Mutual fund fees have no effect on shareholder returns, according to research from D. Bruce Johnsen, a professor at George Mason University School of Law.
That’s because when a fund lowers its fee, the primary effect is to increase the size of the fund, Johnsen said Monday, October 12, in an interview with InvestmentNews, a sister publication of Workforce Management.
An increase in a fund’s size, however, leads to an increase in the fund’s overall costs, he said.
“This is not only because administrative costs are likely to increase at an increasing rate in total assets [owing in part to the cost of processing additional accounts] but also because large funds face higher transaction costs [from] trading portfolio securities, and these costs should also increase at an increasing rate in total assets,” Johnsen wrote in a paper—“Myths About Mutual Fund Fees: Economic Insights on Jones v. Harris”—which was published last month.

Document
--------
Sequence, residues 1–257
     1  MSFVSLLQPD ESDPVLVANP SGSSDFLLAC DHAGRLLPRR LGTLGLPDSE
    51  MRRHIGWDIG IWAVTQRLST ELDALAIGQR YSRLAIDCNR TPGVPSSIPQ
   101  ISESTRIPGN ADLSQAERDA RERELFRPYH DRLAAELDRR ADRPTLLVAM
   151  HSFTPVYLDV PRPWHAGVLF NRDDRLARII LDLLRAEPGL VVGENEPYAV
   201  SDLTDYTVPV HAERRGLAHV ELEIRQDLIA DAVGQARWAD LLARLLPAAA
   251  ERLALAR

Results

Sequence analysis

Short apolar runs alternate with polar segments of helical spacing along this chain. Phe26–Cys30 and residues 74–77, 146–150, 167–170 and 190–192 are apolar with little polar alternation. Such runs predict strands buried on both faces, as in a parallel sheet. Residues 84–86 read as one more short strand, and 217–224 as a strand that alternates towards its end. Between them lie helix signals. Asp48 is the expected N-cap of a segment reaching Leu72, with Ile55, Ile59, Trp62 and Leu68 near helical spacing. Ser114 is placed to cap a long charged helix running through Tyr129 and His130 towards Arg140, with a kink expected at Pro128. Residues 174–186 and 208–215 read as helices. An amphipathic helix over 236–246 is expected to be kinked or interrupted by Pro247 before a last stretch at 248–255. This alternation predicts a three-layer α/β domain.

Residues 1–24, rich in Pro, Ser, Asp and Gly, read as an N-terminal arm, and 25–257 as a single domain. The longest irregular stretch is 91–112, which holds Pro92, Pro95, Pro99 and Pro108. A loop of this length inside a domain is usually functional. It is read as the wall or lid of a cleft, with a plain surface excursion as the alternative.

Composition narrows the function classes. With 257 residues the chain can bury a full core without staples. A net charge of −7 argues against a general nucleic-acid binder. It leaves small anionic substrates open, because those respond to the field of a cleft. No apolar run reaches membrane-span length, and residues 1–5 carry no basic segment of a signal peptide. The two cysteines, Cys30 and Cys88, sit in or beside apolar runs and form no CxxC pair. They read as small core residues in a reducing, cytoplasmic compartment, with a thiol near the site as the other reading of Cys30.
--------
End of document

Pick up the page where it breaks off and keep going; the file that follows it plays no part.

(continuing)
It’s something the U.S. Supreme Court should keep in mind next month when it is scheduled to debate the standards used to determine when a mutual fund’s fees become excessive, he said.
Not all, however, are in agreement with Johnsen’s theory.
“It’s very well-proven that expenses do matter in terms of funds returns,” said Russel Kinnel, director of mutual fund research at Morningstar Inc.